Jane sent Eve L. Ewing’s “Testify,” saying she “loves reading the poem aloud.” The words speed along in all lower case reminding us of the little things to be grateful for during our isolation: “i stand before you to say/that today i walked home/& caught the light through/the fence & it was so golden/i wanted to cry & i lifted/my right hand to say thank/you god for the sun thank/you god for a chain link fence.”

Vincent sent “Music Ambles Drunk with Sorrow,” from a scene he witnessed at Mount Saint Mary’s Cemetery in Queens: “A lone man stands, dressed in a Scotch kilt,/playing bagpipes, pouring whiskey over a grave./A moon casts shadows of dancing clouds,/music ambles drunk with sorrow.”

Ellen loves “The Best Moment of the Night.” “Tony Hoagland always finds a unique and unexpected way to express an emotion. Here he compares his own sense of isolation and loneliness to that of the dog sitting under the table at the party. His everyday details are part of what makes the poem so alive”: “He lives down there, among the high heels/and the cowboy boots, below the human roar/rising to its boil up above. Like his, your evening/is just beginning—but you/are lonelier than him. You think/that if you disappeared tonight,/you would not be missed for years.”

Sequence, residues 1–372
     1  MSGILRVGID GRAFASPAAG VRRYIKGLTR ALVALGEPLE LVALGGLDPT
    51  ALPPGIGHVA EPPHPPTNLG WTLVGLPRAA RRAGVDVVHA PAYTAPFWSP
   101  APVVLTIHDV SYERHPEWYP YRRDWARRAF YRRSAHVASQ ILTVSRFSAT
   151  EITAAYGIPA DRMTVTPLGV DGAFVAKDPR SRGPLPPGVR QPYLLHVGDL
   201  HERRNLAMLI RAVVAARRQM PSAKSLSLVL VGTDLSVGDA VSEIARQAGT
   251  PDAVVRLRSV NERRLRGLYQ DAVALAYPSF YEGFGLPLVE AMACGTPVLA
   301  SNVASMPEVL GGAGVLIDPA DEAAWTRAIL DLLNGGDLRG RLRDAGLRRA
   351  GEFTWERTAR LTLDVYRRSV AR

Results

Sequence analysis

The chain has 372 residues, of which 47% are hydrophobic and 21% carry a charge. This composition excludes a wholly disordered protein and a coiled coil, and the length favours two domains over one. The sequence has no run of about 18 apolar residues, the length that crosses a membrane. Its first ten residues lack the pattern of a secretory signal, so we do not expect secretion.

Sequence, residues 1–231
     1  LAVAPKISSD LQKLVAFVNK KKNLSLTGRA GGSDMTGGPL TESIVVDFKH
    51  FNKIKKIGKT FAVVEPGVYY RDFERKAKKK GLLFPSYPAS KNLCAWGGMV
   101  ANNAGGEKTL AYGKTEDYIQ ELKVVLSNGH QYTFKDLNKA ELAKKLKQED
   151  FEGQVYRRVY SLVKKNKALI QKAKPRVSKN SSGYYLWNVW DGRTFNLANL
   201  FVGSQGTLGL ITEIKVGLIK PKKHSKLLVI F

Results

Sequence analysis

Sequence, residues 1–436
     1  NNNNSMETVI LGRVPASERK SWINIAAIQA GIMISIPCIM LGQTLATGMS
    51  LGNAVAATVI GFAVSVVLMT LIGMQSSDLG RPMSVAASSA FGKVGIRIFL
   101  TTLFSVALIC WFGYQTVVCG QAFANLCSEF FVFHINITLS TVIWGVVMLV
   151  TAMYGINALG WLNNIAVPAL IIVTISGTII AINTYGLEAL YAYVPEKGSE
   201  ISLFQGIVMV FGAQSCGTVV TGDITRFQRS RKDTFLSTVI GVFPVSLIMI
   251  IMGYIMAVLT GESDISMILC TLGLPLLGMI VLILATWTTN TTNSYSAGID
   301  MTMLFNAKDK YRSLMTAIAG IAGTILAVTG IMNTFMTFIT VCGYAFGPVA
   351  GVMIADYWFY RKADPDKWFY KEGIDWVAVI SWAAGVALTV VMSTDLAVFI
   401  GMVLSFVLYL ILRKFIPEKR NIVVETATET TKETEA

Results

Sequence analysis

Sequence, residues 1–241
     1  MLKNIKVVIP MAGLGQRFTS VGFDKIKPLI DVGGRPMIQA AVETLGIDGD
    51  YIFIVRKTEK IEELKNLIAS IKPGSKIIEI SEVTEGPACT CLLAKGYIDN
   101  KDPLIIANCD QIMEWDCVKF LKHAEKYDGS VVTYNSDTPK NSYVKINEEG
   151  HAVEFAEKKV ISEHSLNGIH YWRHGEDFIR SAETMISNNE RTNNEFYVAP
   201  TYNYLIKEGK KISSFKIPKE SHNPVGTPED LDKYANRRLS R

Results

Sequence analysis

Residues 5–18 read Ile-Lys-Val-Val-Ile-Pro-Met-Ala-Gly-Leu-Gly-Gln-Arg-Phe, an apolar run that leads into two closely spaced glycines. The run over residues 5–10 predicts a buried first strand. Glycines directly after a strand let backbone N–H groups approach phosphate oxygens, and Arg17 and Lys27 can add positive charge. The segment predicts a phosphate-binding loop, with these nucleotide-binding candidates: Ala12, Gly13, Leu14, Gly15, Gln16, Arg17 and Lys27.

Cate sent “Mountain Lion” by Linda Hogan from The Book of Medicines, writing that “being afraid of the ‘other,’ even when clearly perceived, can generate an immense feeling of aloneness. In its opening lines, the poem’s imagery represents the primordial aspect of this feeling”: “She lives on the dangerous side/of the clearing/in the yellow-eyed shadow of a darker fear./We have seen each other/inside mortal dusk,/and what passed between us/was the road/ghosts travel/when they cannot rest/in the land of the terrible other.”

AnnaLee closed the circle with a “renga,” a Japanese form of syllabic poetry between two poets. One poet begins, the second picks up a word in the last line of the preceding stanza and starts with a line that includes that word. For 367 days during the Covid lockdown in Paris, poets Marilyn Hacker and Karthika Nair took turns chronicling their daily lives: illness, friends lost to pandemic, activism, even what they ate. They lived five miles apart, yet only met three times. The result was A Different Distance, a book of daily poems:

Her sixth-floor dormer,
a cigarette, the much-loved
view of our skyline:
Claire—critical-care intern—
sighs for one, after twenty
hours on breathless feet.
evening applause is sweet, but
she’d choose PPE
over the President’s praise—
and eggs on grocery shelves.
—(KN, 1 May 2020)

Shelves in the G20
are still filled with coffee, cheese,
brown eggs, garriguettes, Greek yogurt, milk, wine—but I
hurry, forget tomatoes,
get out of harm’s way
(masked, gloved) as fast as I can.
Food shopping once was
community, communion.
Poison is the chalice now.
—(MH, 2 May 2020)

Our next theme is Poetry and Shoes. Send us a published poem you find on the subject of Shoes by March 8, 2022, and include a comment about why you chose it.

Can’t locate a poem you want to send on the subject of shoes? Check out Poetry Foundation or poets.org.

In the meantime, please blog with us here at onepagepoetrycircle.wordpress.com.

Spring 2022 Schedule
March 8: Shoes
April 12: Slant Rhymes
May 10: Clouds

Abigail Burnham Bloom, abigailburnhambloom@gmail.com
AnnaLee Wilson, annalee@kaeserwilson.com